EDITOR’S NOTE—Since his May car accident, The Expositor has been following the recovery process of Aundeck Omni Kaning’s Gabe Abotossaway. The young man has overcome many obstacles since his diagnosis as a C4-5 quadriplegic (meaning he can move his head and shrug his shoulders, but could not move any of his limbs). He turned 20 in the intensive care unit of Health Sciences North in Sudbury and became the recipient of Ontario’s first diaphragmatic pacing system—a pacemaker that sends impulses to the diaphragm to help it inflate and deflate, meaning Gabe can breathe on his own, without the help of a ventilator. Now Gabe is taking the next step to recovery: rehabilitation at the Ottawa Hospital Rehabilitation Centre, with his mother, Beverly Abotossaway, by his side. The following update is written by Ms. Abotossaway.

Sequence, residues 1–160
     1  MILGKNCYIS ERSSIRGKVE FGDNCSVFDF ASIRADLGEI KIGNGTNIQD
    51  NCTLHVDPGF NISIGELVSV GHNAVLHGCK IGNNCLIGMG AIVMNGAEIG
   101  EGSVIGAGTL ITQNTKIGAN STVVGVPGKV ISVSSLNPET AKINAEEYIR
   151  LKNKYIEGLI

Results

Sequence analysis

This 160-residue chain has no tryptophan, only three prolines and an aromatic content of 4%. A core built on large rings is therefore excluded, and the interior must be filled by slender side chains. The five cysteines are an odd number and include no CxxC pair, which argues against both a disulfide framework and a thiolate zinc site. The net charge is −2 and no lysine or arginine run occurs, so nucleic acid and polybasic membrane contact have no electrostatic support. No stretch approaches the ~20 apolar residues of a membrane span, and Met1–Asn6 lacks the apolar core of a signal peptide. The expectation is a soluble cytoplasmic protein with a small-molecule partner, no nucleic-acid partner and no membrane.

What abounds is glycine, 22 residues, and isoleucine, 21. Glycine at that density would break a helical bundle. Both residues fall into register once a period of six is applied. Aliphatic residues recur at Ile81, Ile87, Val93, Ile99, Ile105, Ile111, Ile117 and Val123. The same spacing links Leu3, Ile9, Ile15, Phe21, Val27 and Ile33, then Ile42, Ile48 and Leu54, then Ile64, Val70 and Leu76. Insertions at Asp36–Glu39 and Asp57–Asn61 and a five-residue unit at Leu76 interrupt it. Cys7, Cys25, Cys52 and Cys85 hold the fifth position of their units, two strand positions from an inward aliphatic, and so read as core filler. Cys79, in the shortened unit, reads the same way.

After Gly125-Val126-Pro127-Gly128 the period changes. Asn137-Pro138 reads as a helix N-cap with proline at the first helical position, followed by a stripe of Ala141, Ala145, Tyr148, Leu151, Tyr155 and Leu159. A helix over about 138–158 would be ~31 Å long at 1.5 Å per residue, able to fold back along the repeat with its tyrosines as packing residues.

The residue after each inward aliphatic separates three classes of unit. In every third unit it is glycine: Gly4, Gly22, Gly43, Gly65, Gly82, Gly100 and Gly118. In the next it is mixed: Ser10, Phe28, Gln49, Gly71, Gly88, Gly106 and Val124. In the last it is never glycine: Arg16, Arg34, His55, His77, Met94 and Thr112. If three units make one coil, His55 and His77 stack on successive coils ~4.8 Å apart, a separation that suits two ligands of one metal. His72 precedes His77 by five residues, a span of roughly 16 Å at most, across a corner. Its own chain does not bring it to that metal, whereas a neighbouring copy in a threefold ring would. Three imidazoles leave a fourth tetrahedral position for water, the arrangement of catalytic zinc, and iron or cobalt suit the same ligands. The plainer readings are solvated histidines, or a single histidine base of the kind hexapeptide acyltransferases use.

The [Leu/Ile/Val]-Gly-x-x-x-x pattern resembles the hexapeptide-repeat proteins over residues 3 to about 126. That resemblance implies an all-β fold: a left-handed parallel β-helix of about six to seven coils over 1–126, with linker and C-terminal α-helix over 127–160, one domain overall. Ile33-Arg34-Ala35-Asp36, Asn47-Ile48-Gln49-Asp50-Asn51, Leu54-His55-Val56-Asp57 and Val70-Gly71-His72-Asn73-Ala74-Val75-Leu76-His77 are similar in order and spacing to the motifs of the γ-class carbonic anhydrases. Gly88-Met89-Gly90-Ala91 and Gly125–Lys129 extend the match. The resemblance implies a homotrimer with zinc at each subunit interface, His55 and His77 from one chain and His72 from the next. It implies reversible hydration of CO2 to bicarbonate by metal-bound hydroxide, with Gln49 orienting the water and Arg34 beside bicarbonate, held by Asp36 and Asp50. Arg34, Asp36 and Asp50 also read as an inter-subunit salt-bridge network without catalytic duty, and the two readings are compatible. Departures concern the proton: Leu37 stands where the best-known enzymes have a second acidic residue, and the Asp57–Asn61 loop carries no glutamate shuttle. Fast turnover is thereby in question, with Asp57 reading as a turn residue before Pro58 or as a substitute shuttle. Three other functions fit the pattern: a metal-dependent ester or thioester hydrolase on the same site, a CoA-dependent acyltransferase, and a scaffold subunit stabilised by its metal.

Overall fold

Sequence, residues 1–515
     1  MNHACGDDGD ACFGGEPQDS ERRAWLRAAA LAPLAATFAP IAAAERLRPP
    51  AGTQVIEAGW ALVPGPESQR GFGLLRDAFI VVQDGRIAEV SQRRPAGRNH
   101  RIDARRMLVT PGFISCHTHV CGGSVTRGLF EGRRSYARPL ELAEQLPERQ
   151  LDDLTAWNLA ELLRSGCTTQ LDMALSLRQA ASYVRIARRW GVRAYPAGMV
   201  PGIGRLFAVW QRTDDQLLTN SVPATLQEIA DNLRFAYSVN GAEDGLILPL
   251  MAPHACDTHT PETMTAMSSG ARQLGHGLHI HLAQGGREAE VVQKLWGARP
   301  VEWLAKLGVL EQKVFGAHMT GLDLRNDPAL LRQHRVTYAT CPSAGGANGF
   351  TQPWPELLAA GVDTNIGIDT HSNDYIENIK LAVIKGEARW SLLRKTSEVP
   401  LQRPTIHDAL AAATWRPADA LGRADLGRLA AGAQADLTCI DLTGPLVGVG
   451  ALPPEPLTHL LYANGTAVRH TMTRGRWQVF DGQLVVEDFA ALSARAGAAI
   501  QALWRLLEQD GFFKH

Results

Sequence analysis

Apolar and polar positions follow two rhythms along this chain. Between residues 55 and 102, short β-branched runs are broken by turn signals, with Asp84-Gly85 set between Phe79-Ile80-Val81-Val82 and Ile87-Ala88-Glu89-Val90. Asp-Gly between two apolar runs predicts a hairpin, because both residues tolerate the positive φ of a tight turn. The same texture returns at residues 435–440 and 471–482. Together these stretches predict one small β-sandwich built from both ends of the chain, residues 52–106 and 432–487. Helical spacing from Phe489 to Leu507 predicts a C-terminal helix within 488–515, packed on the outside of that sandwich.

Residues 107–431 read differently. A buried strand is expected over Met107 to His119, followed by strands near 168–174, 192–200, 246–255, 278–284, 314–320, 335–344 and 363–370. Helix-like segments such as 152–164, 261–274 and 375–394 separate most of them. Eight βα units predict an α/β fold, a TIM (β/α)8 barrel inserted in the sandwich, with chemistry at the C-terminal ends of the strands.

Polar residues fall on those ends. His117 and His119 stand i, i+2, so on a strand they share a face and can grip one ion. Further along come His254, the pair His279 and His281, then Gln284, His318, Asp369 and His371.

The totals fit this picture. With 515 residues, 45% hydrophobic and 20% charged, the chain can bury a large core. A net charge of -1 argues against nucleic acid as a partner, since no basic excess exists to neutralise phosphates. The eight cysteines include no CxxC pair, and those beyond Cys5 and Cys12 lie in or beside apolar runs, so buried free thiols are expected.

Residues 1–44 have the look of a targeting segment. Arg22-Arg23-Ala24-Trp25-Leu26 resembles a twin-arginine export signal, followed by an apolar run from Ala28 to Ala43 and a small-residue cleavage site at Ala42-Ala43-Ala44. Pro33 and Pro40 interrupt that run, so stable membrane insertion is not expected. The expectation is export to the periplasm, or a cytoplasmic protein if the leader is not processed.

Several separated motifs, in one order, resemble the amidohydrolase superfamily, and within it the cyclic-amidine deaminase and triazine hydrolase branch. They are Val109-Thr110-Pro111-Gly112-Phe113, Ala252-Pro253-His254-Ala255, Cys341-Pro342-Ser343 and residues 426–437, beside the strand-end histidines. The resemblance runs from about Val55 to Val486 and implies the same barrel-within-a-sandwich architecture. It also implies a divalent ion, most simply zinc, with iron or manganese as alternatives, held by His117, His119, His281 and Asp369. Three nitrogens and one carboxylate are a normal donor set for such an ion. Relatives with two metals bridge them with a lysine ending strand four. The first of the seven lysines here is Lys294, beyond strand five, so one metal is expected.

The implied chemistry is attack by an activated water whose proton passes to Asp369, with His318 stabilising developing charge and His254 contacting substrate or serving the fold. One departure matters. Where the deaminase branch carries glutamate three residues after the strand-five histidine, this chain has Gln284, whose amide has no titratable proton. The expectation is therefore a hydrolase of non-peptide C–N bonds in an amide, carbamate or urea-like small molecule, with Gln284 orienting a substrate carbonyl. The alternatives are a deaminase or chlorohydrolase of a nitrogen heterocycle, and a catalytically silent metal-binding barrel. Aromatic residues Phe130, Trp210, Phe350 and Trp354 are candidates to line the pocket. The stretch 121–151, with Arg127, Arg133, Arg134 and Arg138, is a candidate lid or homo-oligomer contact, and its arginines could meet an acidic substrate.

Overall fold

OTTAWA—Since The Expositor’s last article in September, so much progress has occurred. Gabe, at around the four-month mark after his accident, got movement in his left arm whereby he can move side to side. We also had some setbacks with infections and ongoing pain for Gabe. We are also now at the Ottawa Rehabilitation Centre and have been since November 21.
What many people probably don’t realize is that although Gabe has been classified as a C4/C5 quadraplegic, it doesn’t necessarily mean that he can’t feel anything and, unfortunately for Gabe, what we never shared before is that Gabe suffered extreme pain (neuropathatic) in all areas of his body, especially in his neck and shoulders. A lot of times my son was in excruciating pain, bringing him to tears and making me feel so helpless and unable to do anything for him. It was so unbearable for me to see him suffering and we don’t wish this on anyone.